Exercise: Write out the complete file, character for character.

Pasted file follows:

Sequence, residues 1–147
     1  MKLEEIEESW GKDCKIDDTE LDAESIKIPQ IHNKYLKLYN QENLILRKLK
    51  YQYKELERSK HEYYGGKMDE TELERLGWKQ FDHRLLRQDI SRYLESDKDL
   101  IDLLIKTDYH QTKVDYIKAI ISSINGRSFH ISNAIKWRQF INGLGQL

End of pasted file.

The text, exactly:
Sequence, residues 1–147
     1  MKLEEIEESW GKDCKIDDTE LDAESIKIPQ IHNKYLKLYN QENLILRKLK
    51  YQYKELERSK HEYYGGKMDE TELERLGWKQ FDHRLLRQDI SRYLESDKDL
   101  IDLLIKTDYH QTKVDYIKAI ISSINGRSFH ISNAIKWRQF INGLGQL